Mechanism of injury
The knee is often referred to as the most complex joint in the human body and is subjected to large forces during sporting activities. These forces are resisted by a number of structures including the five main ‘static’ restraints of the knee: the two cruciate ligaments, the two collateral ligaments, and the popliteus tendon. The anterior cruciate ligament (ACL) is arguably the most important and well-known of these five structures; if the ACL was in the band N-Sync, for example, it would be Justin Timberlake!
Although a direct blow to the knee can injure the anterior cruciate ligament, you may be surprised to learn that almost 80% of injuries are caused by non-contact events involving a sudden deceleration or change in direction. In females, the rupture of the ACL is 2.5 times more likely than in males. The most cited reasons for these gender differences are:
- Reduced knee and hip bending during landing
- Increased “knock-kneed-ness” (greater genu valgum of the knee)
- Increased internal rotation of the thigh bone,
- High quadriceps activity unbalanced by the hamstrings
- The influence of the menstrual cycle
How do you know if you have torn your ACL?
The consistent description of ACL Injury includes twisting of the knee, feeling or hearing a pop, unable to continue the activity or even bear weight, or hemarthrosis as the knee fills up with blood very quickly because ACL has an abundant blood supply. As the pain settles, walking and running in a straight line is not usually a problem, but when attempting to turn or sidestep, the knee feels wobbly and the individual may demonstrate their instability by sliding their clenched fists against each other.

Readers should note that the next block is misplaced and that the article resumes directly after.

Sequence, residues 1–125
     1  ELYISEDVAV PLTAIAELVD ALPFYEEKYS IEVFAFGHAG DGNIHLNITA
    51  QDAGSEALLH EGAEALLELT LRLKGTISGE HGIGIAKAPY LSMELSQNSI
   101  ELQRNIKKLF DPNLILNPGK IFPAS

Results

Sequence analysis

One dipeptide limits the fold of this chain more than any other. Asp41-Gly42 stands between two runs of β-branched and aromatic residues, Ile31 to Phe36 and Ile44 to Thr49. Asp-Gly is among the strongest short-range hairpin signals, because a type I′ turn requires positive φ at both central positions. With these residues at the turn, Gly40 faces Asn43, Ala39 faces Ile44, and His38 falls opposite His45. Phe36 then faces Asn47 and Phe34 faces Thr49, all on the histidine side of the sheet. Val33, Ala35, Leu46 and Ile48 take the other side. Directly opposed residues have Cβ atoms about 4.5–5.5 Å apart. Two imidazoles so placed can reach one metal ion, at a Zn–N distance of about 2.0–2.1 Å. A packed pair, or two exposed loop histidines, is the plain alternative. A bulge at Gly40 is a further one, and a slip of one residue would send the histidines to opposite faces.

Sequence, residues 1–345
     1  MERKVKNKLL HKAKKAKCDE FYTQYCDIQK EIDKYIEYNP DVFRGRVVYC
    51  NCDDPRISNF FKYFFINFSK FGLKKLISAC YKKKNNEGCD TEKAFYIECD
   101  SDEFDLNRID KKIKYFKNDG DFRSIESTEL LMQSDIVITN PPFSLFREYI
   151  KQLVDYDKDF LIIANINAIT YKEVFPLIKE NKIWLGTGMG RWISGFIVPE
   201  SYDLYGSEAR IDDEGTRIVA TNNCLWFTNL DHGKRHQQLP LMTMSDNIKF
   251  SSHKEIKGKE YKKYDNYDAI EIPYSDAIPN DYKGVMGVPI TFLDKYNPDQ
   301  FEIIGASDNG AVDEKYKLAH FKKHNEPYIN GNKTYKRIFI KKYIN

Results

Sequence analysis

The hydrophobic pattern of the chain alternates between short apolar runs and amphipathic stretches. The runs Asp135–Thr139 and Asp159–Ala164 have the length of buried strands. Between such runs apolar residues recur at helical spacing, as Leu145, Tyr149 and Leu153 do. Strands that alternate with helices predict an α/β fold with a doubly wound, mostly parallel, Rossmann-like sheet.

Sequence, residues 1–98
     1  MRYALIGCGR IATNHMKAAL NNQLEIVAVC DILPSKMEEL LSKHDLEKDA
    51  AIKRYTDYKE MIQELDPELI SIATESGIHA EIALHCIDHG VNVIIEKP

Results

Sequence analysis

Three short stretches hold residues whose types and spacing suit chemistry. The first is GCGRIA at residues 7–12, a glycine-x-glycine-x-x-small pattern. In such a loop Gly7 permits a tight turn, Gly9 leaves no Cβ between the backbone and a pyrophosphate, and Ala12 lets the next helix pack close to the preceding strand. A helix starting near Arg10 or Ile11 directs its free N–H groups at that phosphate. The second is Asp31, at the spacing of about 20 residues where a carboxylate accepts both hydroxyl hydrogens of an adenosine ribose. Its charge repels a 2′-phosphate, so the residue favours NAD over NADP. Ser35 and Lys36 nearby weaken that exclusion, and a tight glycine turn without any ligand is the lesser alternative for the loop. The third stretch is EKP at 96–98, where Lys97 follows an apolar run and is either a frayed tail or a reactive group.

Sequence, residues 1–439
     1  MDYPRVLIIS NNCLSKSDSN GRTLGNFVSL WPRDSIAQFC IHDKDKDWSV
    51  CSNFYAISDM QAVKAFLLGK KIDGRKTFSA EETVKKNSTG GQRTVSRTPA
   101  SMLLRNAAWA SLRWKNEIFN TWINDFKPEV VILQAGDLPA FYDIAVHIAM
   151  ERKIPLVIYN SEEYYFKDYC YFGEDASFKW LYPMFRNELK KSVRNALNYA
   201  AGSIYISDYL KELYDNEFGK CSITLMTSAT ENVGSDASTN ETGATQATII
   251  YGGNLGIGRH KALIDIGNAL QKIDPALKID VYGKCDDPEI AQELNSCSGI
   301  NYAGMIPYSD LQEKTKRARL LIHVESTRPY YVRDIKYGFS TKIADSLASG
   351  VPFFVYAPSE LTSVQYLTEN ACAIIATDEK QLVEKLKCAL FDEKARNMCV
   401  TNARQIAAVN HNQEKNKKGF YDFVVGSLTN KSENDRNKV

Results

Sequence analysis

What do you do if you have torn your ACL?
After an ACL injury, deficits occur in strength, proprioception, muscle timing and gait patterns. In fact, strength and proprioception occur in an injured and non-injured limb. There are two approaches that can be taken post-ACL Injury – Operative and Conservative.
ACL reconstruction surgery is indicated in ACL-deficient patients with symptomatic instability or a desire to compete in high-risk activities.
Research has demonstrated that physiotherapy provided pre-operatively is effective in increasing strength and balance which may limit the number of episodes of ‘giving way’ and decrease the incidence of re-injury in the ACL deficient knee. However, surgery has a lot of associated risks and is considered an invasive type of treatment. Recent studies have shown that patients who underwent rehabilitation of the knee with a stable knee did not need surgery and had good outcomes with conservative care.
So if an ACL injury is confirmed, consider whether this is actually symptomatic (giving way) before rushing into surgery. ACL reconstructions aim to stabilize an unstable knee, but if it’s not unstable in the first place, conservative rehabilitation is best.
Return to play
After appropriate rehabilitation, a gradual return to sport is initiated at the six to nine-month mark. Only if the individual’s knee does not present with pain or effusion, during or after functional sport-specific training drills. The individual must also be able to demonstrate the appropriate strength and endurance needed for their specific sport.
How do I prevent an ACL Injury?
Anterior cruciate ligament injury rates appear to be on the increase. It is of concern that recent reports show the rates of ACL injury to have grown most rapidly at the younger end of the age spectrum.
Implementing an ACL injury prevention program can be extremely beneficial for all individuals. Keep in mind that this program will not prevent ACL tears from occurring but can help decrease the risk. There are five key steps that should be included in the planning of this program:
- Training load and volume
- Training Frequency
- Exercise timing
As a helping hand, a physiotherapist is someone who commonly rehabs individuals following an ACL injury. They are capable of observing your movements, screening you for deficits, and helping you to correct them.